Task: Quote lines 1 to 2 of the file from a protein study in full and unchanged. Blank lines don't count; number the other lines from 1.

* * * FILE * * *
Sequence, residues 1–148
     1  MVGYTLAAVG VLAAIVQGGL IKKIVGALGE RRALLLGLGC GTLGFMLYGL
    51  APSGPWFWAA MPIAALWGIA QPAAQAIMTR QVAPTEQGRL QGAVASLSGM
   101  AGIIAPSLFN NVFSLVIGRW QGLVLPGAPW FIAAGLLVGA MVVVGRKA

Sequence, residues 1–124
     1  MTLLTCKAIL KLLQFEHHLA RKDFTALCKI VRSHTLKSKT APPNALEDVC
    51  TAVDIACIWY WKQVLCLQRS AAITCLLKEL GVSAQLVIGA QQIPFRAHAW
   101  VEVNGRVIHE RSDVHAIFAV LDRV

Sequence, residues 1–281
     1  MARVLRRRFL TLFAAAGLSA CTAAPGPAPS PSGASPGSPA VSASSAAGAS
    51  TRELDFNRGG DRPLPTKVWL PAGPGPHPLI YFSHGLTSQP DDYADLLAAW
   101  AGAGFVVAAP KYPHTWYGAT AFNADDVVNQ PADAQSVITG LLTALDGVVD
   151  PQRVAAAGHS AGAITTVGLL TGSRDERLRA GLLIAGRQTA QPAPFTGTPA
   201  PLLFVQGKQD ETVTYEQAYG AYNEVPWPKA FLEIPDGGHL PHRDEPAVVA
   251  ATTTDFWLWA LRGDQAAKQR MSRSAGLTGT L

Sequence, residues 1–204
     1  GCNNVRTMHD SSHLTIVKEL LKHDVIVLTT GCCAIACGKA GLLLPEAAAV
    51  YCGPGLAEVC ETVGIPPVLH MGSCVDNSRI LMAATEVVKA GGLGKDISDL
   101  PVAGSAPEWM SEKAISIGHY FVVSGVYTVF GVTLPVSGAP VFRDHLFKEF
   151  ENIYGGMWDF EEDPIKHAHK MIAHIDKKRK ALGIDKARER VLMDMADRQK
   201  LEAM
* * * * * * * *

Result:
Sequence, residues 1–148
     1  MVGYTLAAVG VLAAIVQGGL IKKIVGALGE RRALLLGLGC GTLGFMLYGL